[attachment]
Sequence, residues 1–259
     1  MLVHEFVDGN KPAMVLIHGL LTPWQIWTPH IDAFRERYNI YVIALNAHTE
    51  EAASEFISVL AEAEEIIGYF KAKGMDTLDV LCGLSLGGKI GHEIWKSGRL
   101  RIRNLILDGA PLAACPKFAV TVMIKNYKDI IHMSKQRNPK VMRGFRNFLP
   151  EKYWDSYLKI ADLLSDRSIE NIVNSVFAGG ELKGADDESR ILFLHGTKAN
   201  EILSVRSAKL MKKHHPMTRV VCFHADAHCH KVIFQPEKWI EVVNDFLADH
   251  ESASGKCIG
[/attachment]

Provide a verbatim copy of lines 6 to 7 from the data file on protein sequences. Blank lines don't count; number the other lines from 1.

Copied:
   201  EILSVRSAKL MKKHHPMTRV VCFHADAHCH KVIFQPEKWI EVVNDFLADH
   251  ESASGKCIG